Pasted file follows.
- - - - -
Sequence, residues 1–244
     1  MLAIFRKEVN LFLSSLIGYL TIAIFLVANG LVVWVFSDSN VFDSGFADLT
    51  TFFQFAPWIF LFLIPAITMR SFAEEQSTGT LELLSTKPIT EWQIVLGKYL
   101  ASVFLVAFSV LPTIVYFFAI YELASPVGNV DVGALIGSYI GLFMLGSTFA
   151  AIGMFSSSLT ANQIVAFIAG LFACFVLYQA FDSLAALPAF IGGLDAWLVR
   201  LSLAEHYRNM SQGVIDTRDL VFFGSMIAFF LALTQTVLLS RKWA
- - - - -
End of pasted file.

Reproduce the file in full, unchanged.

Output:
Sequence, residues 1–244
     1  MLAIFRKEVN LFLSSLIGYL TIAIFLVANG LVVWVFSDSN VFDSGFADLT
    51  TFFQFAPWIF LFLIPAITMR SFAEEQSTGT LELLSTKPIT EWQIVLGKYL
   101  ASVFLVAFSV LPTIVYFFAI YELASPVGNV DVGALIGSYI GLFMLGSTFA
   151  AIGMFSSSLT ANQIVAFIAG LFACFVLYQA FDSLAALPAF IGGLDAWLVR
   201  LSLAEHYRNM SQGVIDTRDL VFFGSMIAFF LALTQTVLLS RKWA